This site "contains a slightly expanded and fully searchable version of the print publication 'American Women: A Library of Congress Guide for the Study of Women's History and Culture in the United States' ... with added illustrations and links to existing digitized material located throughout the Library of Congress Web site." Includes books, maps, manuscripts, music, images, and other research materials. Browsable and searchable. From the American Memory Project of the Library of Congress. [Librarians' Internet Index]
The digital collections of the Library of Congress contain a wide variety of material associated with Andrew Jackson. This resource guide compiles links to digital materials related to Jackson such as manuscripts, letters, broadsides, government documents, and images that are available throughout the Library of Congress Web site. In addition, it provides links to external Web sites focusing on Jackson and a bibliography containing selected works for both general and younger readers. http://www.loc.gov/rr/program/bib/presidents/jackson/index.html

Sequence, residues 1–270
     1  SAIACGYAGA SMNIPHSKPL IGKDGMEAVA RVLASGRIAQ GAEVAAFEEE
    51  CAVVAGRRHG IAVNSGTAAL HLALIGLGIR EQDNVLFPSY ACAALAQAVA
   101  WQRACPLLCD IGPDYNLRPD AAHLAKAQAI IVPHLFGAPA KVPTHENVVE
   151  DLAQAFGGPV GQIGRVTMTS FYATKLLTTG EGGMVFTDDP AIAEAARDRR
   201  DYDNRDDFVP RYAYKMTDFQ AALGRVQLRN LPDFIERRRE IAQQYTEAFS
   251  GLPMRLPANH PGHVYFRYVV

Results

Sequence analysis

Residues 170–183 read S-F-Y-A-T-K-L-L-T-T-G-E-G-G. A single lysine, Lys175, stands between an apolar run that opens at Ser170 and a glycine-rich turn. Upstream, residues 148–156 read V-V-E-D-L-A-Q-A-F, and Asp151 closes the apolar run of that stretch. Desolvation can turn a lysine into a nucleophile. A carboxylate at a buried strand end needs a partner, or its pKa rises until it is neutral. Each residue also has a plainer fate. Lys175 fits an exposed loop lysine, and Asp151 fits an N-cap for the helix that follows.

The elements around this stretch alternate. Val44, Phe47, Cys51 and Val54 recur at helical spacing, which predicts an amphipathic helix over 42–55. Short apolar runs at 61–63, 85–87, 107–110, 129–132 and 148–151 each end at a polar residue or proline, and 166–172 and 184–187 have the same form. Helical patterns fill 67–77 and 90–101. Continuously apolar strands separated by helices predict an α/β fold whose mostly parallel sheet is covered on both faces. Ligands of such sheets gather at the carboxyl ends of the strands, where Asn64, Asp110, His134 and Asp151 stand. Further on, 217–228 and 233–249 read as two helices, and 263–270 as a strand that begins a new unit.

For educators, students, and persons looking for information about any period in American history will find the Gilder Lehrman Institute of American History Web site an excellent resource containing thousands of helpful materials ranging from the colonial period to the present day. The web site website serves as a gateway to American history online with rich resources for educators. For the era covered in this course, see especially "Slavery and Abolition" under "History by Era."
The Nineteenth Century in Print: The Making of America in Books and Periodicals represents a special collaboration among the Library of Congress and the libraries of the University of Michigan and Cornell University to make accessible a wide-ranging digital library of nineteenth-century American printed materials. It will comprise primary documents of American history reflecting the broad domains of social and political history, education, psychology, sociology, religion, and science and technology as they developed throughout the antebellum, Civil War, and Reconstruction eras (1850-77). The collection also has special riches to offer readers interested in such areas as the nation's westward expansion, its poetry, the growth of professional forestry and landscape design, or Americans' abiding fascination with self-improvement. In the words of Wendy Lougee, assistant director of the University of Michigan Library, such thematic breadth makes it possible "to trace the evolution of ideas and customs that shaped American culture." [Internet Scout Project]